Have you ever come home from a vacation, dropped your bags off in a corner of your room, flopped limp-limbed onto the bed, and suddenly felt like you needed…another vacation? According to travel advisor Tiffany Ellis of Tiffany Ellis Travel, you’re not alone. Plenty of us spend so much time trying to pack the most into our trips—whether during the planning process or while checking off itineraries that never seem to please every person on board—that we forget to schedule in the R&R we really needed. One of Ellis’ simple solutions? Balance your off-the-beaten-path activities with recalibrating wind-downs each day.
“I like to begin with a walk,” she says, “just to wander around and get your bearings. It’s tempting to pull out your phone and start filming and photographing right away, but I suggest trying to become a part of everyday life where you are. Sit on a park bench. Have a connection with yourself that says ‘I am here.’”
Some of the most resilient memories, after all, come from mundane enjoyments, and they’ll give you the energy needed to take on the next stage of the vacation.
“Now you can go to high-energy places and explore some side streets,” says Ellis. “Go off the main drag where you’ll see areas that make up the community, from small bookstores to family artisans. You’re supporting a community, even if only for a short time.”
Ellis also warns about the pitfall of being “bullied by time,” or feeling pressured to squeeze in multiple big activities per day of a vacation.
“One thing my husband and I did this past summer during a long stay in Montana was create a ritual in the afternoon,” she says. “If you’re a family with kids, it may be hard in the morning to get everybody together and go do something. But when the afternoon comes, and you’ve done all the things you wanted to do that day, you can create a little pocket of time to enjoy something close to where you are, even if it’s going to eat some ice cream at the same time every day, or to take a walk in your favorite part of a city. Schedule time to just rest—it’ll help show your family that you care about them and their experience.”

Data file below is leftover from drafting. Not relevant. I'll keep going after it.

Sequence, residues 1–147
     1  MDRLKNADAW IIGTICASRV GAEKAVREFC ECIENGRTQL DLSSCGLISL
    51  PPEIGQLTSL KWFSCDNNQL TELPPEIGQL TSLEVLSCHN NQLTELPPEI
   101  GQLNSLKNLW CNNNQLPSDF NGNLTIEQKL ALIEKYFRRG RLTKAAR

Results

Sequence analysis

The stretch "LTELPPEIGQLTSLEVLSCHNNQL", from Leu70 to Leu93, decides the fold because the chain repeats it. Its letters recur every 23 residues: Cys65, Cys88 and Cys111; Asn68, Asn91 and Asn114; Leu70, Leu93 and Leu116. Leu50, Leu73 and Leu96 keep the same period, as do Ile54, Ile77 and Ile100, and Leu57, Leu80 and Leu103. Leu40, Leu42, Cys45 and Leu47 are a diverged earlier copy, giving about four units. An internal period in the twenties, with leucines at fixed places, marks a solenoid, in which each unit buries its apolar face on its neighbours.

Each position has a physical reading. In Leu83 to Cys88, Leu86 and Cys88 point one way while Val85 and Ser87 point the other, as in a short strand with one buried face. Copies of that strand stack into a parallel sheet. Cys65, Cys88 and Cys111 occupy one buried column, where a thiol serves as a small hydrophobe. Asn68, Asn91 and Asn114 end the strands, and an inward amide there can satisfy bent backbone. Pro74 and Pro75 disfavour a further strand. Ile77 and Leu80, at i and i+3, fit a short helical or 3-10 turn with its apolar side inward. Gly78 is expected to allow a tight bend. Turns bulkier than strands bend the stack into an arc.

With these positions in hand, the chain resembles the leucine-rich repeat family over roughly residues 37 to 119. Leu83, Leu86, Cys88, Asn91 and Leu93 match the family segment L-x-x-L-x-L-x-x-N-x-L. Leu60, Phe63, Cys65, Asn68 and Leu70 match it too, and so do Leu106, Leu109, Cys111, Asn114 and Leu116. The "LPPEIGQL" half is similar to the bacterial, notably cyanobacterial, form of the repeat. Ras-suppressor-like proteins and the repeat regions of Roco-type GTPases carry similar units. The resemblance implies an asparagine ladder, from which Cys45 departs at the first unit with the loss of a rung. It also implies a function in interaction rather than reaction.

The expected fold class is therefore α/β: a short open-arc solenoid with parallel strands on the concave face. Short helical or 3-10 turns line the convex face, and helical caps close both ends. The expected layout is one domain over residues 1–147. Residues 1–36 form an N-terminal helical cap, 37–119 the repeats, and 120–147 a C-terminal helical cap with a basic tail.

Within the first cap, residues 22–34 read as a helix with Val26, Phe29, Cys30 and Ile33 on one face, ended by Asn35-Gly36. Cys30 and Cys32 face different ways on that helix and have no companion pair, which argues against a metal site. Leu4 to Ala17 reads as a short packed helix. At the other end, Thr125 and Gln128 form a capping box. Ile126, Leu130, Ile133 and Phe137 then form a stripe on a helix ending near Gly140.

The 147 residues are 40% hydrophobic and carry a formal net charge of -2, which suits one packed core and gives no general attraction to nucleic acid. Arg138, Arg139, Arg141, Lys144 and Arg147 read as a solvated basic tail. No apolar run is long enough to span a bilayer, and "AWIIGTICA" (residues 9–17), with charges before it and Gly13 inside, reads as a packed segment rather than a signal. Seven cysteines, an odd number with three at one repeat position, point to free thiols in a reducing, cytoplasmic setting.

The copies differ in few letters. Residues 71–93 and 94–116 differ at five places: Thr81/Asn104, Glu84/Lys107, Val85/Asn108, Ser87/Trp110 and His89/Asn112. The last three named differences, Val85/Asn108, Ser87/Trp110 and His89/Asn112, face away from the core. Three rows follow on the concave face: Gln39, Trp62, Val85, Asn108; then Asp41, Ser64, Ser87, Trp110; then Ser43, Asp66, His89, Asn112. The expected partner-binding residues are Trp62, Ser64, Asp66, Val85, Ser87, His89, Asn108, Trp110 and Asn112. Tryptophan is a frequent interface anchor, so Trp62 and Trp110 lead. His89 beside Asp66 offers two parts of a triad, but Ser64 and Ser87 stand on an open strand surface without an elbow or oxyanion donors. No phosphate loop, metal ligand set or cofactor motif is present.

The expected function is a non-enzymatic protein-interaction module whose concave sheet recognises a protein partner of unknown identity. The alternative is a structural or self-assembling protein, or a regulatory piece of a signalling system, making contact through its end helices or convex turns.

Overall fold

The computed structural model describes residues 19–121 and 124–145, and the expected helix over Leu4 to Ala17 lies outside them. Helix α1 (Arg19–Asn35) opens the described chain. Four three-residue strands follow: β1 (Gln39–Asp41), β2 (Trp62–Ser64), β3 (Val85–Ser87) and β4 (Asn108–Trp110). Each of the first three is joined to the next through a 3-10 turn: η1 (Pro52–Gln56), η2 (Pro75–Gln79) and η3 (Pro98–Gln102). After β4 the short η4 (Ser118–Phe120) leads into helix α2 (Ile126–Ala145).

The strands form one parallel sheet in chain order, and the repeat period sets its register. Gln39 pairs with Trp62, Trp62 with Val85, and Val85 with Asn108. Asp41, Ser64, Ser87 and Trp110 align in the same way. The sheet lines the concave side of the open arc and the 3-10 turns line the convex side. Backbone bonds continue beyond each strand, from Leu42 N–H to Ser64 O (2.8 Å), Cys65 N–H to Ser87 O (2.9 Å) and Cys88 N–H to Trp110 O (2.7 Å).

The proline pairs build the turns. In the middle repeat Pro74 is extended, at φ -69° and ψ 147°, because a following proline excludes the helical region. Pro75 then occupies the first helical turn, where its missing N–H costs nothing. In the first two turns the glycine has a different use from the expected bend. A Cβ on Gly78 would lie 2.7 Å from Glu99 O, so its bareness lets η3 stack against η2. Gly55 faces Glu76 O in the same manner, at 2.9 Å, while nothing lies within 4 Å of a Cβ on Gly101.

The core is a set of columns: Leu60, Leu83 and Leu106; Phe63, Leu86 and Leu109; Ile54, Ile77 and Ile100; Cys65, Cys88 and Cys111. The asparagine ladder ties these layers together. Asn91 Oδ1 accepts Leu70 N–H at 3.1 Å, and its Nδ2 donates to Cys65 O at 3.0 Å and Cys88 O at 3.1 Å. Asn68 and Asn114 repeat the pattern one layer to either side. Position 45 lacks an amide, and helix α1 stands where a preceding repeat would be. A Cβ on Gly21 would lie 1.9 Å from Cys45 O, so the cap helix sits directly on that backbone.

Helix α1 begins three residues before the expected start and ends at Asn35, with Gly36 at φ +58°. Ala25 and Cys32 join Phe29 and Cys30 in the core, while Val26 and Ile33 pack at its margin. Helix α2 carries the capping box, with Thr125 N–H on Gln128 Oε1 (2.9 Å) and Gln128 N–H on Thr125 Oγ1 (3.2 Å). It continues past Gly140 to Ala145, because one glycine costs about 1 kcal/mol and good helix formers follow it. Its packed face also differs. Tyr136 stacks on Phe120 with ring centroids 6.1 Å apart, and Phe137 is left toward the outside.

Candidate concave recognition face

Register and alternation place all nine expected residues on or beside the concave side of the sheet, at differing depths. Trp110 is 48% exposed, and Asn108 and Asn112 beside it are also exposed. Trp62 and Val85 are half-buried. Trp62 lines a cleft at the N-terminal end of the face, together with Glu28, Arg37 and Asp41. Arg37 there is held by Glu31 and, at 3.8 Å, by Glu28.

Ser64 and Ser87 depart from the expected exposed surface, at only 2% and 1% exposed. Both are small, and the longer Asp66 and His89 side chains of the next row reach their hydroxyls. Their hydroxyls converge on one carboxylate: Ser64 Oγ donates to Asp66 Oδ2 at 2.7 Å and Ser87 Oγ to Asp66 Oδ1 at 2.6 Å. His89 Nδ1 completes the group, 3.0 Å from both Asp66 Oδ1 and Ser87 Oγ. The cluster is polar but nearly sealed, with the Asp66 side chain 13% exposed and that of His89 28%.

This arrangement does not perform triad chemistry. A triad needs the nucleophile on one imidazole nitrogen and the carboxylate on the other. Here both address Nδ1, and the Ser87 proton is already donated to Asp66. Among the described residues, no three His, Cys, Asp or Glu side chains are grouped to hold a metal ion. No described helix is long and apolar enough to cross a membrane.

That doesn’t mean that you should keep to yourself the whole time. Instead, Ellis recommends talking to your family about the sights and activities you participate in, plus taking special care to be polite in another person’s language if you’re traveling abroad.
“It’s amazing how, when I was in Italy, just by showing a little effort with basic phrases like ‘Hello,’ ‘Please’ and ‘Thank you,’ I could build a sense of belonging,” she says. “It slows time down. And when you’re slowing time down, you’re becoming more aware.”
This sense of awareness plays into one of Ellis’ key themes when giving advice to her clients: the importance of a trip’s emotional value.
“Psychologists say that memories formed during childhood are some of the strongest in your life, which is why travel really strengthens bonds with family and builds a better sense of self,” she says. “It allows your kid to see who you are when you’re not running around doing adult things. You’re building sandcastles with them, or you’re contemplating all the people and generations behind the constant upkeep of a 500-year-old cathedral. What that does for a child’s sense of love and security is priceless.”
For more travel tips and destination recommendations, visit tiffanyellistravel.com or follow her on Facebook and Instagram @tiffanyellistravel. And be sure to follow us @inregister to stay tuned for more family travel content in our upcoming June issue.